Answer me this: Which manufacturers will quit?

Williams Cosworth, Interlagos, 2006The disappearance of Cosworth from the 2007 entry list points to a very big change that has taken place in Formula One: all the teams are now run by a major car manufacturer, or dependant upon them for an engine supply.

In some respects this is great: it proves that Formula One is the pinnacle of motor racing and is the best showcase for modern car technology.

But it also makes the sport very vulnerable.

Only last week we saw a major dip in the shares market – a similar drop over a prolonged period could force some of the teams out.

Toyota could soon become the world’s biggest car maker – but how long can they justify spending over USD $400m per year on F1 for little return?

Fernando Alonso, Ralf Schumacher, Suzuka, 2006At the other end of the success vs. outlay scale is Renault – with the sixth-largest budget of the 11-team grid they have nonetheless won back-to-back double championships.

But will there come a point when the management decides it has conquered F1 and it’s time to move on?

Every other manufacturer team is beholden to the same commercial responsibilities. Only one of them can be champion. So how long can the rest keep making excuses to their board of directors about why the trophy case is bare?

Which manufacturer will go first? Or will they remain indefinitely? Have your say in the comments below.

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3 comments on Answer me this: Which manufacturers will quit?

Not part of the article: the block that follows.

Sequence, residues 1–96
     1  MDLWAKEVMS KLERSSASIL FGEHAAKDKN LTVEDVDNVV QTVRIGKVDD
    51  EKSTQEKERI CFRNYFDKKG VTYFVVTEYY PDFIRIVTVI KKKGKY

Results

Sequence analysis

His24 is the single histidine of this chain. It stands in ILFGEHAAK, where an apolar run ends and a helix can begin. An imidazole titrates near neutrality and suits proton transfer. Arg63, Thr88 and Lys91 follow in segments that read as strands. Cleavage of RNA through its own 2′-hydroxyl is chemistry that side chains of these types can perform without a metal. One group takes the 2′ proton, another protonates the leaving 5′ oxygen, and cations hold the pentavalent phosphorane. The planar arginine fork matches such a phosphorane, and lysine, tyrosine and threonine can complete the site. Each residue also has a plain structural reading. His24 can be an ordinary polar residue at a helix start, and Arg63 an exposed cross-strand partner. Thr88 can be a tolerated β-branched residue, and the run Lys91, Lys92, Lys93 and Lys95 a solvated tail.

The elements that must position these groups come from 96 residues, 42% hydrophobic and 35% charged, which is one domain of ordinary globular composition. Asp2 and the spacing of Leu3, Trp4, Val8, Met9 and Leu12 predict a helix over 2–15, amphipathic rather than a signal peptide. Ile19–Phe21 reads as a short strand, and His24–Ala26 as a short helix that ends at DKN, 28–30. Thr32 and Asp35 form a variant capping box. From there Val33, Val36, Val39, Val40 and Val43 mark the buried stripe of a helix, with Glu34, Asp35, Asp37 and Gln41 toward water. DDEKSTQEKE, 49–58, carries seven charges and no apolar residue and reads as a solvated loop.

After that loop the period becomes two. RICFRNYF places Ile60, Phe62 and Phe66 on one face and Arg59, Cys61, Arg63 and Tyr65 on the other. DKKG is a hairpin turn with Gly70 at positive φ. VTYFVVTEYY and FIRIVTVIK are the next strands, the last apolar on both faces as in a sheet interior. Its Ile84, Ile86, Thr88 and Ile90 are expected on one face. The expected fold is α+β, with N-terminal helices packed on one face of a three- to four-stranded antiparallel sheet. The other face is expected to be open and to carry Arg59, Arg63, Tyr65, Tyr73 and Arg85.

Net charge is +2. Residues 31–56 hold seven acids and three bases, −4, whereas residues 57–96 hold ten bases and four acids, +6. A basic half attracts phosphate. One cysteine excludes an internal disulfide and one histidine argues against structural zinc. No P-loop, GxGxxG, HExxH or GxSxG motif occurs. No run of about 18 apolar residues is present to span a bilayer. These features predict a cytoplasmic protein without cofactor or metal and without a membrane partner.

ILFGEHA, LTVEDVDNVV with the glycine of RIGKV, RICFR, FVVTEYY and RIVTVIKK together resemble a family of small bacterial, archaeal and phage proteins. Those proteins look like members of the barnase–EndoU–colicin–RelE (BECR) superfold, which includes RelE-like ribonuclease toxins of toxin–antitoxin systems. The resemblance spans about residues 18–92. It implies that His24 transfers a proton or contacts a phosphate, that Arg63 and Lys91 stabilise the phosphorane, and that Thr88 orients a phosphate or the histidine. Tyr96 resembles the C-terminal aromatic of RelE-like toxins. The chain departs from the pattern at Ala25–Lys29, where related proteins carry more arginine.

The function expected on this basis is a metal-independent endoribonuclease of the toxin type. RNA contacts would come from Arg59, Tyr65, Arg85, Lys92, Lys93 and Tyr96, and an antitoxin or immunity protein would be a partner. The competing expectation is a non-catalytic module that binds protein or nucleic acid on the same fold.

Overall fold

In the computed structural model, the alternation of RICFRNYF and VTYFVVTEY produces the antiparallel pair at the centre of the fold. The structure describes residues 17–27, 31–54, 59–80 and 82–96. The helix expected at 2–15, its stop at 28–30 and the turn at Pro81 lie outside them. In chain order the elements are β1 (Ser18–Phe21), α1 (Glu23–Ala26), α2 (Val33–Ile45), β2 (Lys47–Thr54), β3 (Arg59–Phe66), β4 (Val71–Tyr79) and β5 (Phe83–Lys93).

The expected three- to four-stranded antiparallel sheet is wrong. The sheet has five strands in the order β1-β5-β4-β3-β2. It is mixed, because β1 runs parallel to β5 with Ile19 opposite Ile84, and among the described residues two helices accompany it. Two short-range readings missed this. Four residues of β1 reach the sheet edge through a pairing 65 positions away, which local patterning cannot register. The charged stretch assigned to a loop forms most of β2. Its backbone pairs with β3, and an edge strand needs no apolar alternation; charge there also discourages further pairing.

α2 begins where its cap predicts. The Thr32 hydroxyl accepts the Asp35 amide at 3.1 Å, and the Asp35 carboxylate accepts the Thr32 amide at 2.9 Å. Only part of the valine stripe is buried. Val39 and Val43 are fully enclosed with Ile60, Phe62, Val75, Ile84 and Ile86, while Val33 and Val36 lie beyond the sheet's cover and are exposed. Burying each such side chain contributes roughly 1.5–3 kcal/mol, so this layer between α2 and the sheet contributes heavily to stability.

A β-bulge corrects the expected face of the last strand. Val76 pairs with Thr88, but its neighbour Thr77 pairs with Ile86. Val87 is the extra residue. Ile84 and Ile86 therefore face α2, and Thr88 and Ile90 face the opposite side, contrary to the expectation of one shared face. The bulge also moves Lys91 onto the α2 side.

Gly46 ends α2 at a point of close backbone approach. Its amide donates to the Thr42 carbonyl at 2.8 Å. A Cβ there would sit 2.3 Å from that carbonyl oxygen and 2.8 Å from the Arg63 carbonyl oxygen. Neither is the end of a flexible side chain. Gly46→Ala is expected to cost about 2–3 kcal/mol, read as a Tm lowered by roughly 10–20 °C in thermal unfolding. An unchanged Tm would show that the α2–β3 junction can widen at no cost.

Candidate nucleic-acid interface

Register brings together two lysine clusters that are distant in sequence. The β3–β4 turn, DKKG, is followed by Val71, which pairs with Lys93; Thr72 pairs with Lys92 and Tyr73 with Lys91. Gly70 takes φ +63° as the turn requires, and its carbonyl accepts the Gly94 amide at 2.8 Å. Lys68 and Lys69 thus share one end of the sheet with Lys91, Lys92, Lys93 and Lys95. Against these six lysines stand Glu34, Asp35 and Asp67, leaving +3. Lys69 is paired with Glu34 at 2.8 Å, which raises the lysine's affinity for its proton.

1. Number 38 (@) said on 5th March 2007, 23:00

    Hi Keith,
    I’m new to your site and find it refreshing that most commenters are reasonably civil. Concerning this query about “Which manufacturers will be next to quit F1? I have to take issue with this line from the first paragraph:
    “all the teams are now run by a major car manufacturer, or dependant upon them for an engine supply.
    In some respects this is great: it proves that Formula One is the pinnacle of motor racing and is the best showcase for modern car technology.”
    Pinnacle of Motorsport? Madman Mosley has made a schambles of F1, Bernie is blackmailing the older F1 circuits and the word SPORT just doesn’t exist any longer. The ‘sport’ is now big business and drivers are reduced to mere employees. The fact that major manufacturers are introducing ‘showcase technology’ ….. maybe you’re not old enough to remember how many privateers introduced real technology, the monocoque body, the six wheeler, ground effects, and even the WING all came from private teams, not from major manufacturers.
    What we really need is MORE privateers and less manufacturers, a pipe dream I admit, there’s no turning back now just too much money involved! But Pinnacle of Motorsport……you’d better re-consider the definition.